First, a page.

• https://plus.google.com/112301869379652563135/posts Ryan Matthew Pierson

      I saw your comments in the CrackBerry (name of the forum, not me just saying it to be rude) forums and I can see where you’re coming from. Let me first state my initial title was very different from this one, which sets a negative tone for the article. I’d like to know the positive numbers, because there isn’t much else to go on other than market share. If Blackberry is falling short there, I haven’t seen any positive numbers to show that RIM’s product offerings are jumping.

      Written them off? Hardly. I said that BB10 needs to be a home run. That’s true for any mobile OS in the face of Android and iOS. Palm didn’t hit a home run with its renewed Palm lineup and look where it is. WebOS has been struggling.

      I tried not to be negative, and I certainly didn’t write RIM off. I said, very clearly, that BB10 needs to deliver. If it doesn’t, then RIM (the company that recently announced it was operating at a loss) is in big trouble.

  • esk369.

    You are a complete tool.
    Rim is bribing developers is that a joke?
    I’m sure there is no bribery or payola in your industry have you ever considered being unbiased and objective in your journalism or do you just cater to other Mobil platform fanboiz or whomever your master is go back to terrestrial radio I’m sure you would do a great job pressing the fart button on a morning zoo style radio show because as a journalist you suc.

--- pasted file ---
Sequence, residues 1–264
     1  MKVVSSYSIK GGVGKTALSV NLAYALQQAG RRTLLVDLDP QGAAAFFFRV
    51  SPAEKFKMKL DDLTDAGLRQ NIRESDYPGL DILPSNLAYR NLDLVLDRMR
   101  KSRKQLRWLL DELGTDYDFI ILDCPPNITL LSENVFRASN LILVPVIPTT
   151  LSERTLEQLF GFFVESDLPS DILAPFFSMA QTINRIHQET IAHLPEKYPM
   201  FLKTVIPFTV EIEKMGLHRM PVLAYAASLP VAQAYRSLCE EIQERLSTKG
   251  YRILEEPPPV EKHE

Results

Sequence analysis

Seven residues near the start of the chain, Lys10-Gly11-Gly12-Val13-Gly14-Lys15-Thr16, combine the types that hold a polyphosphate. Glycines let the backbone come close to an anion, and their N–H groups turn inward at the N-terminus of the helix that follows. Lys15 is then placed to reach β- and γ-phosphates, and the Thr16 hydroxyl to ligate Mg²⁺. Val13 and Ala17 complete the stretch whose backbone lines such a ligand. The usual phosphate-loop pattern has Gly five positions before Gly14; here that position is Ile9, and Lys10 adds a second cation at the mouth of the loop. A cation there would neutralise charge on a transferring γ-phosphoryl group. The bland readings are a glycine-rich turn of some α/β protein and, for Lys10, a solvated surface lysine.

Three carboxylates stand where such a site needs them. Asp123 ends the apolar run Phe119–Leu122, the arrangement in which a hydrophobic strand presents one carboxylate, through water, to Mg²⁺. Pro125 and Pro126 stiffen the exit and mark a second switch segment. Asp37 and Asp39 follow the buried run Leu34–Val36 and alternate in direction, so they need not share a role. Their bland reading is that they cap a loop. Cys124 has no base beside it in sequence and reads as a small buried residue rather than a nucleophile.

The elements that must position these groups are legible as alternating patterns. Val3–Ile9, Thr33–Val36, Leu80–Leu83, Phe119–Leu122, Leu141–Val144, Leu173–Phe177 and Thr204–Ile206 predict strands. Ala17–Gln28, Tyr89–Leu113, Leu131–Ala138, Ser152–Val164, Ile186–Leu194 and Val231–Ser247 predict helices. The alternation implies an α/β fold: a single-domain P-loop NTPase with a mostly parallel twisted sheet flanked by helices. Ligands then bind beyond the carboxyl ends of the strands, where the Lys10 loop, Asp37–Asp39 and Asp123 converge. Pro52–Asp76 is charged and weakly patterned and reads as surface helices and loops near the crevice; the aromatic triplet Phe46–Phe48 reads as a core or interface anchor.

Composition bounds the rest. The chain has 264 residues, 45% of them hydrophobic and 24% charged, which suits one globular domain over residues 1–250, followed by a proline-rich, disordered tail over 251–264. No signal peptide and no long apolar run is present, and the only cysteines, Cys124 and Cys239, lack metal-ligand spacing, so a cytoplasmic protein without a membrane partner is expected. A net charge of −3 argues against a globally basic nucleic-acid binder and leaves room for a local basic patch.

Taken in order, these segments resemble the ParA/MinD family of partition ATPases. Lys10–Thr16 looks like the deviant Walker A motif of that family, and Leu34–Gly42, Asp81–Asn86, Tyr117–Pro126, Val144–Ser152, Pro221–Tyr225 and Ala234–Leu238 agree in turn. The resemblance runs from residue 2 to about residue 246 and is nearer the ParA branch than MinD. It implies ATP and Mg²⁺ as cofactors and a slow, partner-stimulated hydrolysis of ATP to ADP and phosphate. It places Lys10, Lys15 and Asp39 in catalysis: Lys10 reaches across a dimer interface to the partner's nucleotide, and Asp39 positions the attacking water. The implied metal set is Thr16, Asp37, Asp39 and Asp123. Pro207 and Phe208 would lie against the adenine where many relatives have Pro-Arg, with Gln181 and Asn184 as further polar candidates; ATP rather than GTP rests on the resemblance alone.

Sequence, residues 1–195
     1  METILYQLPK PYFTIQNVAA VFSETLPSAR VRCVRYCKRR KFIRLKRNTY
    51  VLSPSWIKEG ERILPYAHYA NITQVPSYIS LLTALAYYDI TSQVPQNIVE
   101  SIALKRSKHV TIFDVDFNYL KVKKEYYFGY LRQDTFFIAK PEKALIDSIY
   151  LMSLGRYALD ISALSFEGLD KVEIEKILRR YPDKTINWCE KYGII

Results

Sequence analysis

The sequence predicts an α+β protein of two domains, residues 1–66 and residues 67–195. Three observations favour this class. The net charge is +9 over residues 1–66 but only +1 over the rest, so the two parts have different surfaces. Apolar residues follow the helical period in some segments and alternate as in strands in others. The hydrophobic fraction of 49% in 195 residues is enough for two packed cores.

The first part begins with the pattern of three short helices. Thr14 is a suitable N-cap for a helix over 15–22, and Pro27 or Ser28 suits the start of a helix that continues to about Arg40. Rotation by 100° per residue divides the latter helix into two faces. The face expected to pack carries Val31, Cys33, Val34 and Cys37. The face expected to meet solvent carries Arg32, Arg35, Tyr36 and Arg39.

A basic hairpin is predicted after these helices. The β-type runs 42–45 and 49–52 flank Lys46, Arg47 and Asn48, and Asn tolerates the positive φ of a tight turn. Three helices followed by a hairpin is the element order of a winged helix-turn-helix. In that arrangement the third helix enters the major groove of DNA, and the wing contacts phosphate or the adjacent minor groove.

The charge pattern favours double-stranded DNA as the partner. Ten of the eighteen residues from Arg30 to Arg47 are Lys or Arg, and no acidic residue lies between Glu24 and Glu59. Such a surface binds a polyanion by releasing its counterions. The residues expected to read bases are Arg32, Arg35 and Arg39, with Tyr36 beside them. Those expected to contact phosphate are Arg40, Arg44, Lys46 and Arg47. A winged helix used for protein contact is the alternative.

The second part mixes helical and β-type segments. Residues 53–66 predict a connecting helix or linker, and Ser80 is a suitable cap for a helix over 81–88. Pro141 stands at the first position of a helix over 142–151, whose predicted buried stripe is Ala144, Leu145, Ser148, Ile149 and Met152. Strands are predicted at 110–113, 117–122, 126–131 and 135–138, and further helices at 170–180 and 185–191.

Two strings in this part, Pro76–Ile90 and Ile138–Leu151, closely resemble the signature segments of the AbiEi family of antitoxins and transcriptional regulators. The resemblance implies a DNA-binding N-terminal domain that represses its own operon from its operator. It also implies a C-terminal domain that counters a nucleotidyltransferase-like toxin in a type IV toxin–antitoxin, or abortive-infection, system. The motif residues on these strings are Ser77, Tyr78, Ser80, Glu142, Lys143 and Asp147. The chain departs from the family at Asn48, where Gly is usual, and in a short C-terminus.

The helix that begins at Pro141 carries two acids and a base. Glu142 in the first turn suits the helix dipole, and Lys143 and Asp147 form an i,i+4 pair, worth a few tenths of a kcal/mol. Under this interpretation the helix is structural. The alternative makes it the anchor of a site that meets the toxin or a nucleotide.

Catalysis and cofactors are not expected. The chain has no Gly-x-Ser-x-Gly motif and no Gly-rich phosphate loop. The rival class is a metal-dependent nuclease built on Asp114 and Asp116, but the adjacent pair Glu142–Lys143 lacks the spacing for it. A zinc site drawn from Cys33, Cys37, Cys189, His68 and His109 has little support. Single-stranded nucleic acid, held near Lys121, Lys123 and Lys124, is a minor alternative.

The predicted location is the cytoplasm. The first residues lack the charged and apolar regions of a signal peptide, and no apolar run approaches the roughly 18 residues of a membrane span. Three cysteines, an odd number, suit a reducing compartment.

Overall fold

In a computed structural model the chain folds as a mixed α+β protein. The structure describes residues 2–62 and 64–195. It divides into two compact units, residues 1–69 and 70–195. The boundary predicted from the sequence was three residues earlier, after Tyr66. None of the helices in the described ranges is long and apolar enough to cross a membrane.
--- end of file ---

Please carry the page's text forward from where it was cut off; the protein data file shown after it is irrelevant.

If for no other reason I hope bbx is a huge success just to be able to rub in your face.
    Btw I hope rim sues you for slander for the bribery accusation nothing would make me happier.
    I wonder do you pray for rim to fail every night before you go to sleep?
    U R A TOOL.

    • https://plus.google.com/112301869379652563135/posts Ryan Matthew Pierson

      And you take the word bribe a bit too literally. Blackberry is offering incentives to draw app developers to BB10. It makes sense. As for your accusations of bias… I’m not being paid by anyone to take sides, and this certainly wasn’t a journalistic piece. It’s an op/ed piece written on a tech blog.

  • Bill Kraski

    Looking at your background, you SHOULD know the value of fully researching your subject matter. I really don’t have the time to do it for you. But I’m looking forward to a followup article with all the corrections this one needs. In the meantime, I’m one of those who RIM gained in the last two years because of security and usability.

    • https://plus.google.com/112301869379652563135/posts Ryan Matthew Pierson